Of course, just because Barty, now 23, has made it look easy doesn’t mean it has been easy. That Wimbledon junior win was eight years ago, and in the intervening years she famously quit tennis to try cricket before quitting cricket to try tennis again. (Someday, if she continues to pile up titles, that decision may go down as one of the great what-ifs of women’s sports: What would the WTA have looked like in the 2020s if Barty had never come back to tennis?)

Since her return in 2016, Barty has developed one of the most effortlessly effective playing styles on either tour, without being a show-off about it. Like the Aussie tennis legends of old, Barty is practical but not one-dimensional, textbook but not workmanlike, equally at home on a singles or doubles court. She has every shot in the game—flat serve, kick serve, drive backhand, slice backhand, solid volleys and deft drop shots—but she never does more than what’s needed to win a point. That Barty’s game has taken her as far as it has, this quickly, seems to have caught her by surprise as well. Naturally, this team player gave her coaches the lion’s share of the credit.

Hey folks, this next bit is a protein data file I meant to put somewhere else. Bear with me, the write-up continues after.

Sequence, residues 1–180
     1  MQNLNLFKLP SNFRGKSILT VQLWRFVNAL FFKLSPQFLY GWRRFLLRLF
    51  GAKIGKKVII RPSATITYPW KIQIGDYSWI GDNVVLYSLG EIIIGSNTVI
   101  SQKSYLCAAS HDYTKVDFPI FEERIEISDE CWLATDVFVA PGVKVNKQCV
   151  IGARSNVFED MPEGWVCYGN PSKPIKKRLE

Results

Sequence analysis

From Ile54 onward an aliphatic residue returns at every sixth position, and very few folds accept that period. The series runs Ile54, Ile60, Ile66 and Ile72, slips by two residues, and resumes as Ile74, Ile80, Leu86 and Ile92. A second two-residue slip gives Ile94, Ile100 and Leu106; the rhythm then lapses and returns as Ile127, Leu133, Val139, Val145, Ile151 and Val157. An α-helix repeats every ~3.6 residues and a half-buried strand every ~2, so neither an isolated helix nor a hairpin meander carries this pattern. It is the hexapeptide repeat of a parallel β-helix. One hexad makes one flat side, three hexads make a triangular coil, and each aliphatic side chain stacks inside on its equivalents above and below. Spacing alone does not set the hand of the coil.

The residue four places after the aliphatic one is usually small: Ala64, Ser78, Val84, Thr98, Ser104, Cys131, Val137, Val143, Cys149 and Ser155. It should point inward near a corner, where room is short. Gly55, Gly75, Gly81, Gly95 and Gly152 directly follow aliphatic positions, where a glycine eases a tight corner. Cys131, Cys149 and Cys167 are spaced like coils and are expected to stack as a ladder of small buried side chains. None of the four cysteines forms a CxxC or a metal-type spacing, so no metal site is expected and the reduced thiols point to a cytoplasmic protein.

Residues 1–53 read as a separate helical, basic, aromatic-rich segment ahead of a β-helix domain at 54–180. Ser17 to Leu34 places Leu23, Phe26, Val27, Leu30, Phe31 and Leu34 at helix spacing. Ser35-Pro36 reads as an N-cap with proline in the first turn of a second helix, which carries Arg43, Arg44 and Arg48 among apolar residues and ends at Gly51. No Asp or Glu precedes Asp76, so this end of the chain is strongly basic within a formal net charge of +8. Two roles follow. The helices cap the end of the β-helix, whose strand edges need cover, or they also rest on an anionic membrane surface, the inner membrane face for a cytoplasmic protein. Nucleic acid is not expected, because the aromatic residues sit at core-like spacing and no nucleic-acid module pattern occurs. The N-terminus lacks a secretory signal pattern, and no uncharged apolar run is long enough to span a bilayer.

“You always dream of No. 1 as a little kid, but to become a reality is incredible,” said the Queenslander. “It’s not something that was even in my realm this year; we were aiming to be Top 10 and now to be where we are is a testament to the people around me these last three years. We started from scratch, without a ranking, and to be where we are is a massive achievement for me and them.”